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NRA Supporters Are Blowing Up Yeti Coolers In Company Boycott

(CBS Local) - Gun owners around the country are blowing up expensive coolers after the NRA accused outdoor lifestyle company Yeti of joining a nationwide boycott of the gun-rights organization.

According to a letter from Marion P. Hammer of the NRA's Institute for Legislative Action, Yeti has cut ties with the NRA and is refusing to do business with the NRA Foundation or offer discounts to members. "YETI should be ashamed. They have declined to continue helping America's young people enjoy outdoor recreational activities," Hammer claims in the April 20 statement.

In response to the news, NRA members and supporters have begun taking their frustrations out on the company's hottest item: outdoor coolers. In a number of online videos boycotting Yeti, gun owners are seen destroying the expensive containers by loading them with explosives and shooting them. "This Yeti ain't ready," South Carolina resident Bryan Atkinson declared before obliterating his cooler.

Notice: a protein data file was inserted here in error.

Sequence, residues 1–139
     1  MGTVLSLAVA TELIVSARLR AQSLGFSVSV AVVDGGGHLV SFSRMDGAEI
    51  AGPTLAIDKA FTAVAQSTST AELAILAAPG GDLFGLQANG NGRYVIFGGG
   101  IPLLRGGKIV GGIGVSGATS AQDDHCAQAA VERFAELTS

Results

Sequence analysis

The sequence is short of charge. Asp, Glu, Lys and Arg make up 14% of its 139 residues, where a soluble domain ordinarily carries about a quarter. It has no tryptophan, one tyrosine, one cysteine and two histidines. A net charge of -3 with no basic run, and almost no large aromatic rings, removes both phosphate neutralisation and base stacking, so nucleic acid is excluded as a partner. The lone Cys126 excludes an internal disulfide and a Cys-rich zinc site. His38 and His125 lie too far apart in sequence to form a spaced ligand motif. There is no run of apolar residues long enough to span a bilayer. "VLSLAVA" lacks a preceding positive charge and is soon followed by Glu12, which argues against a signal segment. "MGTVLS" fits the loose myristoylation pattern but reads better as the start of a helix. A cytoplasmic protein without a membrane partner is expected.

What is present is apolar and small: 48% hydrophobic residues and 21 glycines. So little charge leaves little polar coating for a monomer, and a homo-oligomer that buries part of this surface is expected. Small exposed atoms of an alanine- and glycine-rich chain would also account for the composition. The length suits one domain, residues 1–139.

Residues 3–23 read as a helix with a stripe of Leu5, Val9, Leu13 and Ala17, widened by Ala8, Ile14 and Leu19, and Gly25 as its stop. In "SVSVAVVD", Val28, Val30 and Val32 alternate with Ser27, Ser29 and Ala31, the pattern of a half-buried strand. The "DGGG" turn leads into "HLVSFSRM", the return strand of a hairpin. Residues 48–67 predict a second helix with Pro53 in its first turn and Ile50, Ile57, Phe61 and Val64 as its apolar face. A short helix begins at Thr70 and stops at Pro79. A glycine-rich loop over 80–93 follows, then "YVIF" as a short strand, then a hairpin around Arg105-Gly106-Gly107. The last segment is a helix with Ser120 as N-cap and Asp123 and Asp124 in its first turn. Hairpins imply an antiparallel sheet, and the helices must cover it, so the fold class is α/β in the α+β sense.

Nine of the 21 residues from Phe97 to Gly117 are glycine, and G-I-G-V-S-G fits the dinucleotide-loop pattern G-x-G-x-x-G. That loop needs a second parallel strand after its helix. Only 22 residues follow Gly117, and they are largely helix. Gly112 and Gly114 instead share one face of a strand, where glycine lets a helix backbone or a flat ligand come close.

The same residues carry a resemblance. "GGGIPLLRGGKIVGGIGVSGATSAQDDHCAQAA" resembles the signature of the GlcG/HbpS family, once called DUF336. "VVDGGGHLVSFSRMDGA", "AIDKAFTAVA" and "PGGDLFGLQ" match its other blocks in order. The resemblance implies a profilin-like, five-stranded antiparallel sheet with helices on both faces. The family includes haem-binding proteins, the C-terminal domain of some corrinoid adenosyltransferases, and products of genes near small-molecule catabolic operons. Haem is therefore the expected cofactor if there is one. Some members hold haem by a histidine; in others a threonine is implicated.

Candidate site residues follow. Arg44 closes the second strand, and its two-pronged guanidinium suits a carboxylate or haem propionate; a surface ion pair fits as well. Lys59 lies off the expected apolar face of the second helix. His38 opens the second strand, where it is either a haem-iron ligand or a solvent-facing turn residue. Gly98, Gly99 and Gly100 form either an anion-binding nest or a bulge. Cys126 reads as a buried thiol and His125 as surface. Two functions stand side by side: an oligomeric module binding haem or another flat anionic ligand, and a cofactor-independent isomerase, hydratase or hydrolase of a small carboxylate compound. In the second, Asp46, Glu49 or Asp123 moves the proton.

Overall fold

The NRA Yeti Cooler Challenge vs. Tannerite by Camo4x4s on YouTube

The pricey coolers reportedly cost anywhere between $250 and $1,300; making a discount on Yeti camping and hunting gear very helpful to consumers. "If Yeti can't stand behind the NRA, I ain't standing behind Yeti no more," Atkinson added in a Facebook post.

Yeti is disputing the NRA's claims that they've joined a boycott against pro-gun Americans. "Yeti notified the NRA Foundation, as well as a number of other organizations, that we were eliminating a group of outdated discounting programs," the company wrote in a statement posted to Facebook. The outdoor lifestyle supplier added that they're offering business partners like the NRA alternative programs and called claims that Yeti was turning their backs on young gun owners untrue.

Several organizations including airlines and rental car companies have cut ties with the National Rifle Association in the wake of the deadly Parkland, Florida school shooting which killed 17 people in February. Since the shooting, many Americans have lashed out at the NRA for their stance on assault rifles and lobbying efforts against tighter gun laws.

Although Yeti says that their policy change on discounts is not related to the boycott, the decision was made less than two months after groups began to cut ties with the pro-gun group. Bank of America joined the movement in mid-April when the company announced that it would no longer lend money to companies which produce assault-style weapons for civilians.

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